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Re: Engineering Newsletter
Kevin to Kelly
> Actually most companies only spend about %5 on research and development. The
> rest goes to manufacturing. So I don't expect a big saving there.
What about the management overhead? Most of the effort I ever saw in a
company was the bean-counters and the vp types bucking for position
getting in everyones way. I'll take the example of a bare-bones circuit
board (it's what I know) If the job is to make a million of the same
thing, then you have this big pyramid structure, but if the job is to
only make one or two of something, and then be able to switch to a
different board, then I say that a complete (waste recycling included)
operation could be built in 20m by 20m by 3m and run by two, or three
people. say another 20 by 20 by 3 for the computer chips, (I'm assuming
truely standard things like resitors are stored in hold) and perhaps
another 4 people for stuffing and testing, and any circuit board could be
repaired or replaced. If you tried to run a company like that here on
earth, you'd be eaten alive because on earth, the name of the game is
profit. and the cheapest most reliable, easily replaced and quickly
programable machine, is a human being. I can show you a million of them
living in Mexico Citiy That would be fully functional as a worker in a
PCB (Printed Circuit Board) factory inside a week. But on a ship like
the Asimov, the name of the game is self-sufficiency and space-economy.
In that environment, a Human being requires too much overhead (air, food
water) and many jobs that are done by poeple on earth would be better
done by robots on board the ship. Light bulbs can be re-made, and if
they all have the same size and shape, (or only two or three kinds) then
it's quite simple for one person to operate the equipment needed to
clean the glass fragments, re-melt the glass, re-shape the bulb, apply
the phosphor, attach the ends and fill it with sodium vapor. don't
expect more than a few bulbs a day, but then, how many do you expect to
burn out? Part of the reason we need 260 million people to support our
industrial society, is because we have 260 million people who all need
computers and light bulbs and a million other things, but if there are
only a few hundred people, and the things they need are standardized, and
there is little incentive to constantly upgrade (to a new and improved
deoderant), then it can be done. Look at the Shakers, the Ammana
Colonies, any of the _real_ communes in the sixties (some of which are
still going quite strong) yes, the people lived at a lowered standard of
living, but that is Tim's point I think. Look aropund your apartment.
Many of the things you have, you could do just as well without. (if you
are anything like me, that is)
One of the Good things about places like Biosphere II is not what we will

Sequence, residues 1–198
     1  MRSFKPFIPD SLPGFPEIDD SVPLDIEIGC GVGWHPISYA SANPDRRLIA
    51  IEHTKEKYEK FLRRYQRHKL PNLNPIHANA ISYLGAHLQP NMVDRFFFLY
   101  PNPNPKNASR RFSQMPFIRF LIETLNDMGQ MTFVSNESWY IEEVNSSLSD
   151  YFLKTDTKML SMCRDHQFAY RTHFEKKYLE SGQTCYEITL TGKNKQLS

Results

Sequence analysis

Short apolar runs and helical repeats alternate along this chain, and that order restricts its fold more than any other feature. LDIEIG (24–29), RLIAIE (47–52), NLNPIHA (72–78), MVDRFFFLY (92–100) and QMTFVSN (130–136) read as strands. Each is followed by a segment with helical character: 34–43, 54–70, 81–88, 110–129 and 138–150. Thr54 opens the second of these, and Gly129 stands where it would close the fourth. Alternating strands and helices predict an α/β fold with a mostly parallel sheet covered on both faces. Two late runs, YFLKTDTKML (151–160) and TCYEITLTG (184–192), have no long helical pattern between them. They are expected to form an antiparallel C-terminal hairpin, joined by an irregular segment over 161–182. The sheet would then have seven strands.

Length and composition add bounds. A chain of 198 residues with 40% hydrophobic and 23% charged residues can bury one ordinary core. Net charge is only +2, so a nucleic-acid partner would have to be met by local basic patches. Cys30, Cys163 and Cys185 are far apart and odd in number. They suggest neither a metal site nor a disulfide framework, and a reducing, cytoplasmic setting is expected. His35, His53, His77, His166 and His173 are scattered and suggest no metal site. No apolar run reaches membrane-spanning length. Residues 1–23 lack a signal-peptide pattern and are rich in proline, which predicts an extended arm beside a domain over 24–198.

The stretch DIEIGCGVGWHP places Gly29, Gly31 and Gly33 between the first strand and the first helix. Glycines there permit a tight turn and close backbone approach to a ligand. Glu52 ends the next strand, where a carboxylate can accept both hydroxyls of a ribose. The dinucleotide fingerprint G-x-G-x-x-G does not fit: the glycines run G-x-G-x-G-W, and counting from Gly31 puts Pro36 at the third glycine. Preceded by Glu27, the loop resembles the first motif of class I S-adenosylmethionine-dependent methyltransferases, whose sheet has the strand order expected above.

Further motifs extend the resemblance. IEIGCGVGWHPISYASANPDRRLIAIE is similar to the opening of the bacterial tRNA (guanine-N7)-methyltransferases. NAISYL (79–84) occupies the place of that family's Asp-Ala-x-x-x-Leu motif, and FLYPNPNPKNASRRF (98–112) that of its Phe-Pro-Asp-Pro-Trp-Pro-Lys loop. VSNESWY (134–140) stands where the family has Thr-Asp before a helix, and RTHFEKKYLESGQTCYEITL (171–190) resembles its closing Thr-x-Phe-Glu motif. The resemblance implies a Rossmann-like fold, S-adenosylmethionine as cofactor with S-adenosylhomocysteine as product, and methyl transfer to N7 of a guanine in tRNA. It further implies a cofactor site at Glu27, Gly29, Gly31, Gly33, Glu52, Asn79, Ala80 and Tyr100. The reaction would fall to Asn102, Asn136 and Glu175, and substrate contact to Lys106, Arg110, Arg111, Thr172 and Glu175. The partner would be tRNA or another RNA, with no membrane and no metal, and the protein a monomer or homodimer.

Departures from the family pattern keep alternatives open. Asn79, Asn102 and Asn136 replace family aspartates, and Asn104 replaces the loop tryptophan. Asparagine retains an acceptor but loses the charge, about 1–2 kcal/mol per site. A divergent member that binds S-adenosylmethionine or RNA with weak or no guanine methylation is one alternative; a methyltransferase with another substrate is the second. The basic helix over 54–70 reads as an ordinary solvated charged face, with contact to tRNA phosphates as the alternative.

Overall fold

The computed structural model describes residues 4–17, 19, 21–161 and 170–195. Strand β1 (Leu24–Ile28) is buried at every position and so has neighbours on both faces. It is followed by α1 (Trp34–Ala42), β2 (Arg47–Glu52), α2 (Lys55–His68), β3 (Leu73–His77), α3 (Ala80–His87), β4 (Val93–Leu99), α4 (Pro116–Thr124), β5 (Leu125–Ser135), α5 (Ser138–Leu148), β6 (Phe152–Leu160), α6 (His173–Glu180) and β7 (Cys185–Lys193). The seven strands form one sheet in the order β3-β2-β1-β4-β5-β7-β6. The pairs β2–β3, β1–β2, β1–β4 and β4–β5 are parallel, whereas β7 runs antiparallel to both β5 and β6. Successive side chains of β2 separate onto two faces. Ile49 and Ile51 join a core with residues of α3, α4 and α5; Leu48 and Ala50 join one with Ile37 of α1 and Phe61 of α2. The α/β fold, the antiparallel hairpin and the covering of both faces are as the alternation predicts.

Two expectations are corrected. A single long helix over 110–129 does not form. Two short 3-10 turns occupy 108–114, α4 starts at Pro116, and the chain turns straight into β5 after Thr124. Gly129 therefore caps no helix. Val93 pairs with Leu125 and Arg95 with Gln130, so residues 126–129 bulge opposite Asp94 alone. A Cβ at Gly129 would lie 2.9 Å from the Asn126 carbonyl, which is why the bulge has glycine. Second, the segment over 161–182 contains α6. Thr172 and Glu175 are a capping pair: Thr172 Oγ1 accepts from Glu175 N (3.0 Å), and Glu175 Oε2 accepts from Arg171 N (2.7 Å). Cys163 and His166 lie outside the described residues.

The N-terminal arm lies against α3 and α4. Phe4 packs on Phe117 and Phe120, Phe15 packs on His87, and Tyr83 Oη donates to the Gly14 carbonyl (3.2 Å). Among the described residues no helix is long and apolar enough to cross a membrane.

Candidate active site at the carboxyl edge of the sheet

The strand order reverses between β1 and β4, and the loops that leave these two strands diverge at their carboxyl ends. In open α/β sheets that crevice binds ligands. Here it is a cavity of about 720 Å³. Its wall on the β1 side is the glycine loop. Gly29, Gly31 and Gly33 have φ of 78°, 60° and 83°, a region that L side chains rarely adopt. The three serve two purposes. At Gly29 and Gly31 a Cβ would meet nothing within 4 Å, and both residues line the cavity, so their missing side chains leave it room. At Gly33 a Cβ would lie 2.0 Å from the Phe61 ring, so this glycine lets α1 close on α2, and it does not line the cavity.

learn about closed-sytem ecologies (which will be argued no doubt), but
what they teach us about our consumer society. What we learn to do
without and what we find indispensible
> Later in this letter you mentioned this idea again and suggested if systems
> were designed to be maintained they would require less replacement. To a
> degree true. But after a couple decades everthing wears out; and the reason
> we got used to throwing away things rather than repairing them, is its
> cheaper and takes less effort.
yes, this is true, cheaper and less effort. but repair is not impossible.
And when the Nearest Wal-mart is billions of Kilometers behind you, and
the weight of all the possible spares you will ever need. Is prohibitive,
repair is the only rationale alternative. making a re-fillable pen,
taking the time to make _every_ chip in a computer plugable (so they can
be removed and re-seated with ease, instead of with a soldering gun)
These things will allow us to drastically cut down the numbers of people
needed to maintain the ship.
> Well you have to call and end to it sometime. I figured a couple years in
> systems would be all we could manage. Maybe a bit more than 3 years, but
> certainly not anywhere near 10. We need to keep the crews round trip time
> down below 30 years subjective (and not much more than that real time). I
> was also expecting a maximum ship service life of about 40 years.
With a 1g thrust there and back (don't ask me how) the subjective one-way
trip time is 5 years. Another 5 years for return trip, and that leaves
10 - 20 years for exploration. The Earth time is 37-47 years, and that's
just too bad for earth, there's only so fast a man can go (with current
> Yeah, I'm begining to think we're doing this more out of habit then anything.
> Maybe thats why Dave can never seem to get around to fixing things on LIT.
> (I just got an E-mail from a new guy who wanted to join the newsletter and
> saw my name in the on-line archive and asked what the status is.)
> Maybe we should work up a conclusion reprt or something.
You can quit if you want to, But I'm never going to stop. This group has
been a God-send to me. I've dreamt about this ever since I was 10. I
intend to find a way. Expense is not a problem. Any cost can be
justified if the reason is good enough. Finding strong evidence of a
life-bearing world (one of the opening assumptions) would be just the
reason to go, spare no expense. I could think of no better Heaven than
to have these ideas used.
"To have our design go where no one has gone before."
"You may say I'm a dreamer, But I'm not the only one."
(with thanks to Gene Rodenberry and John Lennon)